The X-Men film franchise was starting to get tiresome, in my humble opinion. And that's coming from a guy who was a major fan of the comics back when he was a kid. (I think I stopped reading around the time I was 11 or 12, after illustrator John Byrne moved on to other titles.) So it was with reluctance that I deigned to catch this prequel, which on paper seemed like beating a dead horse: yet another superhero origin story in a time when studios are finding it hard to make an engaging comic book movie that isn't an origin story (which is why "reboots" have supplanted sequels).
But the allure of its Cold War era setting - 1962, with its streamlined aesthetic ala Mad Men and the early Bond movies - proved irresistible. And now, after seeing X-Men: First Class, I am quite happy to say that it works. It's not perfect, but for a comic book movie, it's close enough.
The film introduces us to the first wave of "out of the closet" mutants, led by Charles Xavier (James McAvoy), who seeks to recruit those like him in order to stop an evil mutant (Kevin Bacon!) from destroying mankind. He forms a shaky friendship with a powerful but angry concentration camp survivor named Erik Lensherr (Michael Fassbender of Inglourious Basterds), whose magnetic powers will soon earn him the name of Magneto, the great X-Men villain.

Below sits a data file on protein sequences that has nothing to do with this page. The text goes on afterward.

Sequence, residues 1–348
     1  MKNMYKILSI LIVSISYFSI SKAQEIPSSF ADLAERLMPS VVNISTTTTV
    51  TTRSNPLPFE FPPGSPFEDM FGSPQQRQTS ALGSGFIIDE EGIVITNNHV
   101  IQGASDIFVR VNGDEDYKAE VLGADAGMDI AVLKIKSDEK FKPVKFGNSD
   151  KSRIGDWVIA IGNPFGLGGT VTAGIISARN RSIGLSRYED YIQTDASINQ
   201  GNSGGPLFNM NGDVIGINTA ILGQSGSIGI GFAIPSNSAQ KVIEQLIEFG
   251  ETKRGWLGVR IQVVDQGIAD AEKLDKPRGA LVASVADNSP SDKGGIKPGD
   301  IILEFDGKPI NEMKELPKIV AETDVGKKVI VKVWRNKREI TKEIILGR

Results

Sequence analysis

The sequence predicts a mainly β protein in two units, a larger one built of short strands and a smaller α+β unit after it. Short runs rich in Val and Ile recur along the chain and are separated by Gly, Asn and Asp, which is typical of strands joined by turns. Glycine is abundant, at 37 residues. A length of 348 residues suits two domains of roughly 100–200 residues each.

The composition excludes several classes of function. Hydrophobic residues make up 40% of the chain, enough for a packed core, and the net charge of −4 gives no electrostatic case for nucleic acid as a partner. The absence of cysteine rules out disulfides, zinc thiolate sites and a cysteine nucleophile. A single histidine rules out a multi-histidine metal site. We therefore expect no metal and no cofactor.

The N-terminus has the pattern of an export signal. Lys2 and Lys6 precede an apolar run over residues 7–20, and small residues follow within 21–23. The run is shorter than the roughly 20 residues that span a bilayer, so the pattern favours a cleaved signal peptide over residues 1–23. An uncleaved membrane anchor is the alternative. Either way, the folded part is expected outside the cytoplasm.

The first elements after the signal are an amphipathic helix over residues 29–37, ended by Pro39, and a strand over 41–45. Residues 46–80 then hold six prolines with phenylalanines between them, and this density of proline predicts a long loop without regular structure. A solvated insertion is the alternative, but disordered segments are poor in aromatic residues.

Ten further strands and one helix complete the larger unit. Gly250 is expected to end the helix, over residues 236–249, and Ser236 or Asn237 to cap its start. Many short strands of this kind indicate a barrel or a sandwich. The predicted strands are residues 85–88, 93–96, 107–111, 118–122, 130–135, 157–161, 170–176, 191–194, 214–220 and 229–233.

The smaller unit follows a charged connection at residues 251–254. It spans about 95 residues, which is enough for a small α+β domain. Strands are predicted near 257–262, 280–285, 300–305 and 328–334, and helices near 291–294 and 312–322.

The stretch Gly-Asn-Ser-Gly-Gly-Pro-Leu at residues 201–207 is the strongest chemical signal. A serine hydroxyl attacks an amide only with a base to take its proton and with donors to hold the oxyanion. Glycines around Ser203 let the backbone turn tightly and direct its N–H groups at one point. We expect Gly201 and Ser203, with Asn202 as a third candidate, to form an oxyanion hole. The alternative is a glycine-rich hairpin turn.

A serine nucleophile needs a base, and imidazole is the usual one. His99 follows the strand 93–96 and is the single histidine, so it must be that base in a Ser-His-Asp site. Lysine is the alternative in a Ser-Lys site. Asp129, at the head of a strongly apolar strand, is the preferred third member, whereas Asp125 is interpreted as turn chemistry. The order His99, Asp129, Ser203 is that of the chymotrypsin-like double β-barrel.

The two actors deliver surprisingly moving performances, as well they should - their characters, after all, will wind up turning into Patrick Stewart and Ian McKellen. In fact, the entire cast (including recent Oscar nominee Jennifer Lawrence as a young, horny Mystique) is fine, save for a stiff January Jones as villainess Emma Frost. It's ironic, as the Mad Men actress should be the one performer familiar with the film's early '60s milieu.
And actually, this is the only other major problem I have with the movie: Despite its Kennedy-era setting, the hair department clearly dropped the ball, and the shaggy do's on the young cast look like a 2011 interpretation of late '60s hairstyles. It's distracting. Couldn't these folks be bothered to get their hair cut? The wardrobe is also not quite exactly of the era - costume designer Sammy Sheldon, who has worked with director Matthew Vaughn several times now, should have done more homework.
But these are minor quibbles in a film with expertly-paced action pieces (Vaughn previously directed the impressive Kick-Ass), evocative cinematography by John Mathieson, and an engaging storyline by a gaggle of writers. It's also a nice chance to let old X-Men fans enjoy seeing some of the '70s characters like Banshee, Sebastian Shaw, and Havoc up on the screen, along with some newer (read: lesser) characters.